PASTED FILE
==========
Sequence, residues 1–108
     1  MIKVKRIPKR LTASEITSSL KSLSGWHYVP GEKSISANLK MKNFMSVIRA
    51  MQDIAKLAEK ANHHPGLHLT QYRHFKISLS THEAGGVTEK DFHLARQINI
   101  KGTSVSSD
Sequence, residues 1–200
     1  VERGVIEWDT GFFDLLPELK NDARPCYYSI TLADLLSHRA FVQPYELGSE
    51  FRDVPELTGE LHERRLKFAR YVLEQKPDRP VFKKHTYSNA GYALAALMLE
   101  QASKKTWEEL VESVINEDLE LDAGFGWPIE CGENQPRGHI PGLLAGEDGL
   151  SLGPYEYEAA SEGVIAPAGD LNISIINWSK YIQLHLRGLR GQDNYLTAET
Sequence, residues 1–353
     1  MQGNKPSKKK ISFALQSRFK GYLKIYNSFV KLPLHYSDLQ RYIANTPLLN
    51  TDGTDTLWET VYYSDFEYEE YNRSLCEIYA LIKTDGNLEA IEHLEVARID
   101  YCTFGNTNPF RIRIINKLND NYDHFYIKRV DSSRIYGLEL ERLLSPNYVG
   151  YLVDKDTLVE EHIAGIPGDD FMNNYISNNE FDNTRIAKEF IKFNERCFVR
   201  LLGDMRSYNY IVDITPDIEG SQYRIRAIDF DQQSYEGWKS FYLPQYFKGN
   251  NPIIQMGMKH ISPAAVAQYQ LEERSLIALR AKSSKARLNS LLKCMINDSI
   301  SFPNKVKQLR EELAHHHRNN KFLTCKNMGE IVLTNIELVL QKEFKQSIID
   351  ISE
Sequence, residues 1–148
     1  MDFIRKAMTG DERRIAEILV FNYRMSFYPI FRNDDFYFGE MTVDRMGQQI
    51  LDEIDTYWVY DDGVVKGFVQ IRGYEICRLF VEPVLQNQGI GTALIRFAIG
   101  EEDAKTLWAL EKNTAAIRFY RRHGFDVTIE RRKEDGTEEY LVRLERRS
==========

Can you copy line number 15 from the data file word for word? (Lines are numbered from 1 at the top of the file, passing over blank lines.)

   201  LLGDMRSYNY IVDITPDIEG SQYRIRAIDF DQQSYEGWKS FYLPQYFKGN